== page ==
ABSTRACT

This rich and diverse collection offers a range of perspectives and practices of Philosophy for Children (P4C). P4C has become a significant educational and philosophical movement with growing impact on schools and educational policy. Its community of inquiry pedagogy has been taken up in community, adult, higher, further and informal educational settings around the world.

The internationally sourced chapters offer research findings as well as insights into debates provoked by bringing children’s voices into moral and political arenas and to philosophy and the broader educational issues this raises, for example:

  • historical perspectives on the field
  • democratic participation and epistemic, pedagogical and political relationships
  • philosophy as a subject and philosophy as a practice
  • philosophical teaching across the curriculum
  • embodied enquiry, emotions and space
  • knowledge, truth and philosophical progress
  • resources and texts for philosophical inquiry
  • ethos and values of P4C practice and research.

The Routledge International Handbook of Philosophy for Children will spark new discussions and identify emerging questions and themes in this diverse and controversial field. It is an accessible, engaging and provocative read for all students, researchers, academics and educators who have an interest in Philosophy for Children, its educational philosophy and its pedagogy.

part |2 pages

PART I The democratic nature of Philosophy for Children

part |2 pages

PART II Children and childhood in Philosophy for Children

chapter 6|7 pages

Childhood, education and philosophy: a matter of time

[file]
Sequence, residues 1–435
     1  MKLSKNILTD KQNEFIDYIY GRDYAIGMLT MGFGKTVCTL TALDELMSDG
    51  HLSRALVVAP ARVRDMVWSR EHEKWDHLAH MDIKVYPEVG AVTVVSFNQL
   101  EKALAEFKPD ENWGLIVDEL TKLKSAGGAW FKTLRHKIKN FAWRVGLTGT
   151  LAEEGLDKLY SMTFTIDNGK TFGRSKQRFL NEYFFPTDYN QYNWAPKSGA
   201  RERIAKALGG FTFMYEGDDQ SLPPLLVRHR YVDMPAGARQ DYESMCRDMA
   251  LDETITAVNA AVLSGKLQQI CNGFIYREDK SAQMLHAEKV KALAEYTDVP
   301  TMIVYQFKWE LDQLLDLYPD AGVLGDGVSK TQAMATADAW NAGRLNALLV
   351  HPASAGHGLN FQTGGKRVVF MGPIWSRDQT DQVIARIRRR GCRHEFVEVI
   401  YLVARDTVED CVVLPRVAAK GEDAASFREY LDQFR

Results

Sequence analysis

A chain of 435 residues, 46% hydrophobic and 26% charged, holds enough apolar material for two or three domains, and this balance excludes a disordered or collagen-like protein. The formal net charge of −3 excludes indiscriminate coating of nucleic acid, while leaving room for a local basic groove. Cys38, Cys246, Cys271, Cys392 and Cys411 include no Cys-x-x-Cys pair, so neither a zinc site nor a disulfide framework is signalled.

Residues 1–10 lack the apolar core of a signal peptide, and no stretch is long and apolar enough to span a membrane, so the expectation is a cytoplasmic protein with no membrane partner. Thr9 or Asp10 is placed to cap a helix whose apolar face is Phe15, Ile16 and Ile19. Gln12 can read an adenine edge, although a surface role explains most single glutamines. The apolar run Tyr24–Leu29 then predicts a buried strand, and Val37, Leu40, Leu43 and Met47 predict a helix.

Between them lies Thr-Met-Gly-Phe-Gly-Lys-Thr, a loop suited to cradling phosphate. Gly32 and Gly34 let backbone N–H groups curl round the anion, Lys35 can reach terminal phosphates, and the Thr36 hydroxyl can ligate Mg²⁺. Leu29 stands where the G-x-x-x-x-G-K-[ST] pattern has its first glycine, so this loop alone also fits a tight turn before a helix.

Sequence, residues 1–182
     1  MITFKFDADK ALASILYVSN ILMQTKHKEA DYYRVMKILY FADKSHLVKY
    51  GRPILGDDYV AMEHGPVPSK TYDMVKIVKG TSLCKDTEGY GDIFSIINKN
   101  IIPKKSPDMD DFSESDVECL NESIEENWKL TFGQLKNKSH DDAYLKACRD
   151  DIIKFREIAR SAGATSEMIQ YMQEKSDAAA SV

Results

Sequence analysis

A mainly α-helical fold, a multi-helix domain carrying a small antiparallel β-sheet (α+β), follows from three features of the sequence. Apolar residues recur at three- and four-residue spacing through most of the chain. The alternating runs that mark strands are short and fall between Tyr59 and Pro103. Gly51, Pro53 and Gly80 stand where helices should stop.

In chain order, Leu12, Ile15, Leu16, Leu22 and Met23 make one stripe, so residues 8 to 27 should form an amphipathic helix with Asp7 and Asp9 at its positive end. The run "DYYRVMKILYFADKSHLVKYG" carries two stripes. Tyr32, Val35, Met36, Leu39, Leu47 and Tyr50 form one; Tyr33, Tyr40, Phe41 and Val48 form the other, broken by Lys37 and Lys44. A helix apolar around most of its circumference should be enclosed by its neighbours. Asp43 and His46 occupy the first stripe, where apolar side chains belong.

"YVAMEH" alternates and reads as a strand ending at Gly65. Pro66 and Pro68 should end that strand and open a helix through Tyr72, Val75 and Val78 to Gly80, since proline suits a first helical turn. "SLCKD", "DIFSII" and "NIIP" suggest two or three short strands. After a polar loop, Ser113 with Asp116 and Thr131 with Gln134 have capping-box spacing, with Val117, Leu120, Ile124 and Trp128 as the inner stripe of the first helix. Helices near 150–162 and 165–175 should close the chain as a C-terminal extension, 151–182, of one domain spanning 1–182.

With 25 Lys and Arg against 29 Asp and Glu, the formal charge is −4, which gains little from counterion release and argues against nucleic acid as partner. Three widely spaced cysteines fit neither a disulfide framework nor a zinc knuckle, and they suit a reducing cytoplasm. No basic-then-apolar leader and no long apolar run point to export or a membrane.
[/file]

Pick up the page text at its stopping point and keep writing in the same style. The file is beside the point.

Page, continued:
ByDavid Kennedy, Walter Omar Kohan

chapter 7|10 pages

Philosophical play in the early years classroom

BySara Stanley, Sue Lyle

part |2 pages

PART III What is philosophical about Philosophy for Children?

part |2 pages

PART IV The community of inquiry in action: epistemology and pedagogy

part |2 pages

PART V The aesthetics of Philosophy for Children: bodies and spaces

chapter 16|8 pages

Guernica comes to school: art, philosophy and life

ByMay Leckey

chapter 17|8 pages

Drama, gestures and philosophy in the classroom: playing with philosophy to support an education for life

ByLaura D’Olimpio and Christoph Teschers

chapter 18|8 pages

Curating an aesthetic space for inquiry

ByNatalie M. Fletcher, Joseph M. Oyler

part |2 pages

PART VI Philosophical texts and Philosophy for Children

chapter 20|9 pages

Readings and readers of texts in Philosophy for Children

ByJoanna Haynes, Karin Murris

part |2 pages

PART VII Philosophy in schools

chapter 22|9 pages

Philosophizing with children in science and mathematics classes

ByKristina Calvert, Matthias Förster, Anna Hausberg, Diana Meerwaldt, Patricia Nevers, Stefanie Paarmann, Tim Sprod

chapter 23|8 pages

Teaching philosophy and philosophical teaching

ByLizzy Lewis, Roger Sutcliffe

part |2 pages

PART VIII Research directions and methods in Philosophy for Children

chapter 25|8 pages

Who talks? Who listens? Taking ‘positionality’ seriously in Philosophy for Children

ByAmy Reed-Sandoval, Alain Carmen Sykes

chapter 26|9 pages

Empowering global P4C research and practice through self-study: the Philosophy for Children Hawai‘i International Journaling and Self-Study Project

BySelf-Study Project Amber Strong Makaiau, Jessica Ching-Sze Wang, Karen Ragoonaden and Lu Leng

chapter 27|9 pages

Dialogical critical thinking in kindergarten and elementary school: studies on the impact of philosophical praxis in pupils

ByMarie-France Daniel, Mathieu Gagnon, Emmanuèle Auriac-Slusarczyk

chapter 28|8 pages

Reconstruction of thinking across the curriculum through the community of inquiry

ByKim Nichols, Gilbert Burgh, Liz Fynes-Clinton

chapter 29|7 pages

Philosophy for teachers: between ignorance, invention and improvisation

ByWalter Omar Kohan, Marina Santi, Jason Thomas Wozniak